Old Sydney cemetery loses financial support for groundskeeper
Dwindling church attendance has reduced money for maintenance
In another indication of dwindling church attendance, an older cemetery in Sydney, N.S., will no longer be maintained.
The Roman Catholic parishes that had contributed to the salary and expenses of a groundskeeper have elected to withdraw the funding.
Allen MacLeod, the general manager of Resurrection Cemetery in Howie Centre, is also the volunteer manager of Holy Cross Cemetery Society, formed in 1995 with a number of Sydney parishes on the board of directors.
"It was St. Theresa's, St. Joseph's, Sacred Heart and St. Anthony Daniel forming a committee to run the cemetery," MacLeod said, "because it was pretty dilapidated at that time.
"The parishes contributed a few thousand dollars each year, and that slowed down to, basically, a trickle the last number of years."
Recently, three of the four parishes on the board ceased to exist on their own and were amalgamated into one new parish, with new priorities for dwindling financial resources.
"The parishes didn't contribute because the finances, the money put into the coffers, wasn't there from the people attending churches," MacLeod said. "So, they had to make some decisions, and the cemetery is not high up on the list of things to do."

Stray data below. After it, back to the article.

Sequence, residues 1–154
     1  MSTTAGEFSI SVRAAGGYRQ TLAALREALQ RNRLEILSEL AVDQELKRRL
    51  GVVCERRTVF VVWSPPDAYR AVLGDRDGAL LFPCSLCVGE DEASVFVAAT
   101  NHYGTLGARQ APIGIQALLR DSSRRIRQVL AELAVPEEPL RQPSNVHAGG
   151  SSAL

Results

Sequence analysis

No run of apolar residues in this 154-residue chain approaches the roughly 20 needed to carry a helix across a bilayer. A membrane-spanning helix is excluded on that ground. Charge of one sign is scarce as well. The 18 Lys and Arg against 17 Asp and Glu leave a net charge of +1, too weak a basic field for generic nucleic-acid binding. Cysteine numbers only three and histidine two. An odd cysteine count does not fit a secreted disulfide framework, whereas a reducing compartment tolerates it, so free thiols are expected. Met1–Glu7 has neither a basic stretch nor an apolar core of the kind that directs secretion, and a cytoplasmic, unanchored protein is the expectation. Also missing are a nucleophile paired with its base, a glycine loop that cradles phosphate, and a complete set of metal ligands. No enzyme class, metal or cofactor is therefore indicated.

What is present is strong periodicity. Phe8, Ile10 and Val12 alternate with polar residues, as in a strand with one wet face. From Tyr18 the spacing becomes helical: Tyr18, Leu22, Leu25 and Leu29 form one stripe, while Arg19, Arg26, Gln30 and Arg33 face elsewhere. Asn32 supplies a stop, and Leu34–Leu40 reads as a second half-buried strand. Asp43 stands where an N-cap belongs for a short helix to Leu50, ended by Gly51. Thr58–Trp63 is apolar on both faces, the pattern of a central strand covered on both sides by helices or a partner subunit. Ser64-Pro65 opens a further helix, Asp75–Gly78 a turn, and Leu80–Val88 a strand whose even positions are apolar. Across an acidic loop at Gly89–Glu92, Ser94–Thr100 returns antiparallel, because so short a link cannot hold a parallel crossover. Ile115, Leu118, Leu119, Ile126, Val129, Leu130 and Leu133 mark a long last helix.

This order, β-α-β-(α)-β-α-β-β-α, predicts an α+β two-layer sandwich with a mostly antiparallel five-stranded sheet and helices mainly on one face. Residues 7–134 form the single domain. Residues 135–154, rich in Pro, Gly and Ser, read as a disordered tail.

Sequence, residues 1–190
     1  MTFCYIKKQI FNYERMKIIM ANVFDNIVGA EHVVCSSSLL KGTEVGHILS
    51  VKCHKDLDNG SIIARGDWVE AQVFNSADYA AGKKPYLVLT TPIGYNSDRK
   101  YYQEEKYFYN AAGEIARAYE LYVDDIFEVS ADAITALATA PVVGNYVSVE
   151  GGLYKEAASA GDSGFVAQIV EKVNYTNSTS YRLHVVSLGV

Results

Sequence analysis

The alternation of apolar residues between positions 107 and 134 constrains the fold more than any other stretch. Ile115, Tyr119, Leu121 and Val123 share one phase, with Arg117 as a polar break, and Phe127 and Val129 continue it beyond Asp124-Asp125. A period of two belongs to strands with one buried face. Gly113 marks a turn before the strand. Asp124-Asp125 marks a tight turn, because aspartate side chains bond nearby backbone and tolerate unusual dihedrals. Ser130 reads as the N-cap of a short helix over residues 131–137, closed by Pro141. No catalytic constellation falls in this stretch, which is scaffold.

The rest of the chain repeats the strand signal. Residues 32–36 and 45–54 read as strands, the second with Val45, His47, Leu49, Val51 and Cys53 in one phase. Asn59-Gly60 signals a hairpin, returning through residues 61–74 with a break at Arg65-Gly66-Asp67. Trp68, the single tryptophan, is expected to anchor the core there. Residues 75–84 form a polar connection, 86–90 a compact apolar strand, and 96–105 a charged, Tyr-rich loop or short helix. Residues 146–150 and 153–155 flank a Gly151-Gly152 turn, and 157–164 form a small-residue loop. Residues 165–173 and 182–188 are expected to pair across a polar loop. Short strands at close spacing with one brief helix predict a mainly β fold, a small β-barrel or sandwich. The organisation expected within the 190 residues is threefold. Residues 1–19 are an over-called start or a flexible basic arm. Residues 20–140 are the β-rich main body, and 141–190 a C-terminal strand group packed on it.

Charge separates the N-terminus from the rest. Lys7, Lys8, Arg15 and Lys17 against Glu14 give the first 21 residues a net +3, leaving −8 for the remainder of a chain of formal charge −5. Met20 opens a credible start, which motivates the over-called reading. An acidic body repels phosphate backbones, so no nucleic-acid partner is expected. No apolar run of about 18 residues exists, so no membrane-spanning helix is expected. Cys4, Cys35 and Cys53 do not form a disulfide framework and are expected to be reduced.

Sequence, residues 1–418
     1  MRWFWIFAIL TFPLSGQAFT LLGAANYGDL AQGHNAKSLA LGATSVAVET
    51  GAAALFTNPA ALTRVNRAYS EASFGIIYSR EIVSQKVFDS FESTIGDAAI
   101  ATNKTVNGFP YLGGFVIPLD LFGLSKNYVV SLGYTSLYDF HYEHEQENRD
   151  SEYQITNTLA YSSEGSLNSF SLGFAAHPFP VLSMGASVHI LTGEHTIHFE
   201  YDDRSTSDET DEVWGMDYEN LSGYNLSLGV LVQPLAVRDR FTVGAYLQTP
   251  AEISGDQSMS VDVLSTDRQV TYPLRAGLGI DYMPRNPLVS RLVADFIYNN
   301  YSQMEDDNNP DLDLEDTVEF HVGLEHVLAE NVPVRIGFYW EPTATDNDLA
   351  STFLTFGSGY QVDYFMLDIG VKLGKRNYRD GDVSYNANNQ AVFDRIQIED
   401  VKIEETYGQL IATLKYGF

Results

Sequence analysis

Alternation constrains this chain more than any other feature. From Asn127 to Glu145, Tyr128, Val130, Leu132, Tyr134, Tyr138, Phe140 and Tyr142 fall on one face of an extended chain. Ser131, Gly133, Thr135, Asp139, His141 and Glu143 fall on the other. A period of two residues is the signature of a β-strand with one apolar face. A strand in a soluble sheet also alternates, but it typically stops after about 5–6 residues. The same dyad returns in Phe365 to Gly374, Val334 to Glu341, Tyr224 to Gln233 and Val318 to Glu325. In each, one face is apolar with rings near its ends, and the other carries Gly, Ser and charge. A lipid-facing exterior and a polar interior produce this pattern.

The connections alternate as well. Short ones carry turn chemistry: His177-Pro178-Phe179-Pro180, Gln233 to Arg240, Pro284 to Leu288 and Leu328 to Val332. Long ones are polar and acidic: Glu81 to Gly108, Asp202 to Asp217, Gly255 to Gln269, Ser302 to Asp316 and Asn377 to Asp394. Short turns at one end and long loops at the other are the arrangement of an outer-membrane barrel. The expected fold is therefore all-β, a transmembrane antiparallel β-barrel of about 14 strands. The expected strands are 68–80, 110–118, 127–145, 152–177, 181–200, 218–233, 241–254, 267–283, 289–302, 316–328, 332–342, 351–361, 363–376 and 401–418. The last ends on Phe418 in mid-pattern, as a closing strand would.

For Thomas MacDonald, the decision to stop funding the cemetery's maintenance hits especially close to home.
He was the groundskeeper there for 17 years and learned in October that he was out of job.
His seasonal paycheque helped support him throughout the year. Just as important to him, though, was the pride he took in keeping the old cemetery in good form.
"It's going to be in bad shape in May, when the grass starts growing," he predicted. "I was doing landscaping and pruning trees and cutting grass and meeting people, fixing the headstones, the ones that get knocked over, and straightening them up, the ones that sunk."
Family members of those buried at Holy Cross would often visit in summer, particularly if they lived away from Sydney, MacDonald says, and they told him often how much they appreciated his efforts on behalf of their loved ones.
Now they'll have to maintain individual graves themselves.
But MacDonald still hopes for something of a miracle.
"I'll just pray and hope for some money to pop up to keep it up for years to come," he said. "There'll have to be a new plan on raising money for the cemetery."
With files from Gary Mansfield